The remedy for our democracy deficit is to devolve as much power as possible to the local level. Many problems can be addressed only on the state, federal and international level, but the idea is that participating in local politics teaches citizens how to speak in public, negotiate with others, research policy issues, and learn about their community and the larger circles in which it is embedded. Like any other skill, the way to become a better citizen is to practise citizenship.
Philosopher Martha Nussbaum delivered this year's Jefferson Lecture in the humanities on the topics of anger and fear in our politics. A clear statement of her topic:
One of the trickiest problems in politics is to persist in a determined search for solutions, without letting fear deflect us onto the track of anger’s errors.
Democratic work is not easy, as it involves the transformation of our anger and controlling our fear.
Making a future of justice and well-being is hard. It requires self-examination, personal risk, searching critical arguments, and uncertain initiatives to make common cause with opponents—in a spirit of hope and what we could call rational faith. It’s a difficult goal, but it is that goal that I am recommending, for both individuals and institutions.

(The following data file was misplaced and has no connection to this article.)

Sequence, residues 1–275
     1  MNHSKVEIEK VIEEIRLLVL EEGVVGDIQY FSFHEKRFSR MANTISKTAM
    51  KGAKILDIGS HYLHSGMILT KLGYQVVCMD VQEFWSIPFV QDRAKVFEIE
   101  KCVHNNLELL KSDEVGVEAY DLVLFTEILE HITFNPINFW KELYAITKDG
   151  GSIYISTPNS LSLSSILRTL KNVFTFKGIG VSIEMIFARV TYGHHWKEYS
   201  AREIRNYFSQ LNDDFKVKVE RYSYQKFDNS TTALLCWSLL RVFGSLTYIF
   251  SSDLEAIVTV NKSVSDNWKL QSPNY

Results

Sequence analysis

And, of course, she thinks philosophy makes a vital contribution to that effort:
Philosophy does not compel, or threaten, or mock. It doesn’t make bare assertions, but, instead, sets up a structure of thought in which a conclusion follows from premises the listener is free to dispute. In that way it invites dialogue, and respects the listener. Unlike the over-confident politicians that Socrates questioned (Euthyphro, Critias, Meletus), the philosophical speaker is humble and exposed: his or her position is transparent and thus vulnerable to criticism.